IN NORMAL times, calling for higher taxes is risky political business.
But these are not normal times. Which is why, in his State of the Union address, Barack Obama doubled down on the notion of tax fairness by pushing for higher rates on upper earners.
“[W]e’re poised to spend nearly $1 trillion more on what was supposed to be a temporary tax break for the wealthiest 2 percent of Americans. Right now, because of loopholes and shelters in the tax code, a quarter of all millionaires pay lower tax rates than millions of middle-class households,’’ the president said.
And he finally started to highlight the choice this country faces. “Do we want to keep these tax cuts for the wealthiest Americans? Or do we want to keep our investments in everything else, like education and medical research, a strong military and care for our veterans?’’ he said. “Because if we’re serious about paying down our debt, we can’t do both.’’
That’s a cogent, if not completely candid, argument - the more so since since Mitt Romney became the personification of the favorable tax treatment the rich receive; his rate of about 15 percent puts a wealthy, well-known face on Obama’s call for those with incomes of more than $1 million to pay at least 30 percent in taxes.
Now, what’s fair in tax policy is largely subjective. And yet, as polls have repeatedly shown, most people favor hiking taxes on the wealthy over deeper cuts in government programs - and in a democracy, voters are the electoral judge of equity.
That’s created an obvious problem for Republicans, whose anti-tax arguments are timeworn and threadbare.
Increasing taxes on the well-to-do, they insist, will be a body blow to the economy. Problem: They made the same claim when Bill Clinton raised taxes, only to have the boom of the 1990s give the lie to their apocalyptic predictions.
Second, Republicans note, the $700 billion to $800 billion that ending the Bush tax cuts for upper earners would raise over a decade isn’t nearly enough revenue to stanch the federal flow of red ink. True enough; if the president were more forthcoming, he’d acknowledge that over the long term, that task will also require higher middle-class taxes.
And yet, the notion that nothing is worth doing unless it addresses most or all of the deficit just doesn’t scan. Obama put things in proper perspective in his Tuesday speech. The American people, he said, understand that “when I get a tax break I don’t need and the country can’t afford, it either adds to the deficit or somebody else has to make up the difference, like a senior on a fixed income, or a student trying to get through school, or a family trying to make ends meet.’’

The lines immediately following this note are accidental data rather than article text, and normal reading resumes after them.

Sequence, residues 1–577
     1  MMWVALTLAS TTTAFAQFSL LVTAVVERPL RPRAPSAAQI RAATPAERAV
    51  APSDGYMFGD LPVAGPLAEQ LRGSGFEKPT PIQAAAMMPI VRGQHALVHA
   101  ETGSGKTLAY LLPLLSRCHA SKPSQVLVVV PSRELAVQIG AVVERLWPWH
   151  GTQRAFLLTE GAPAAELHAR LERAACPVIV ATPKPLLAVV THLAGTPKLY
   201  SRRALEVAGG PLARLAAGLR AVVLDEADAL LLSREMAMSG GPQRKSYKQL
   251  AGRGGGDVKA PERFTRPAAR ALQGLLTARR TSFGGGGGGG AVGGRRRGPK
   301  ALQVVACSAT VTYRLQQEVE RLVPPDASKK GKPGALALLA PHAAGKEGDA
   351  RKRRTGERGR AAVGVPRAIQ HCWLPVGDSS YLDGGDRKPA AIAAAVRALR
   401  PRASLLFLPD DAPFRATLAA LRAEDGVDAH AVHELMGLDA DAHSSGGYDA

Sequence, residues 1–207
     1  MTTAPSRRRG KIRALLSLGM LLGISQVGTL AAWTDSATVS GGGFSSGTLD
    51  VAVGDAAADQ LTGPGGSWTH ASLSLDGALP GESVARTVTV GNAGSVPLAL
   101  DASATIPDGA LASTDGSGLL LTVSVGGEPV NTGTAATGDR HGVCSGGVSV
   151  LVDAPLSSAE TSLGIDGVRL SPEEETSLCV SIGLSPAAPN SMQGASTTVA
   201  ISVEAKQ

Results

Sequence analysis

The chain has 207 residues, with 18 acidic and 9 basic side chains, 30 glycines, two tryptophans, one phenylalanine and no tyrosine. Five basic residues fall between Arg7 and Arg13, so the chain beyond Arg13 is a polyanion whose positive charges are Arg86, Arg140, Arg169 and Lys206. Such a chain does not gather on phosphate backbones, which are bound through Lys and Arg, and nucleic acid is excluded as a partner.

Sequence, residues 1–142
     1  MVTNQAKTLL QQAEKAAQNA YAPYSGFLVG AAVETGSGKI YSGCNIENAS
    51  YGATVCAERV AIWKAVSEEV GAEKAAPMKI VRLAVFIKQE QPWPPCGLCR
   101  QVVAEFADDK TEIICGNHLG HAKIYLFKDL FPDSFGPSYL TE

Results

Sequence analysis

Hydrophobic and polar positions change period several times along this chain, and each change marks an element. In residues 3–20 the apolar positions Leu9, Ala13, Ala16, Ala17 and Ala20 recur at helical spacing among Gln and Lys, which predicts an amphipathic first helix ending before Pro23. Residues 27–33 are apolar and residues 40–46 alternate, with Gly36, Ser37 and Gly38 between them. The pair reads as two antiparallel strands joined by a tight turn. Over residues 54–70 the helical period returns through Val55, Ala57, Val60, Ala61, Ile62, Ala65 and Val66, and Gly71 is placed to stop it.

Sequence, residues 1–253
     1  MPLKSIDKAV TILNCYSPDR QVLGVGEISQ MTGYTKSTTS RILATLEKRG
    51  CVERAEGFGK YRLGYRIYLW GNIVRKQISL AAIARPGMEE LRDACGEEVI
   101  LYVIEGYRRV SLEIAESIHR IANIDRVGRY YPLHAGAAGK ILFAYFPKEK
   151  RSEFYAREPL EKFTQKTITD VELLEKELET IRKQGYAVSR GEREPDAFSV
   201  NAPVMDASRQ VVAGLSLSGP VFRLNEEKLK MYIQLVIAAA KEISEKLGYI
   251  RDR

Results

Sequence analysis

Perhaps not all voters understand that now, but with the White House driving the message, most should by election day. Although the budget itself is hugely complex, the basic fiscal reality is not: If you aren’t going to raise more revenue, in a time of deep deficits, that means more cuts, and, eventually, deeper reductions in programs like Medicare and Medicaid.
Listening to Republican presidential candidates, one would hardly know that raising more revenue is even an option, let alone one that all the various deficit commissions have recommended. The GOP’s would-be presidents speak about reducing the deficit as an absolute imperative - but rule out asking even the very rich to pay more, insisting instead that all the deficit-battling efforts must come on the spending side.
Another assertion heard time and again is that Obama is “waging class warfare.’’ That’s just flapdoodle, the type of foolishness politicians resort to for want of a stronger argument. Were the 1950s, with their much more progressive tax rates, a time of class warfare? Were the Clinton years a time of inter-class combat?
The only people who nod at the class-warfare argument are the conservative true believers. And therein lies the problem for the GOP. Their voices may dominate Republican discourse - but presidential elections are decided by fair-minded folks in the middle.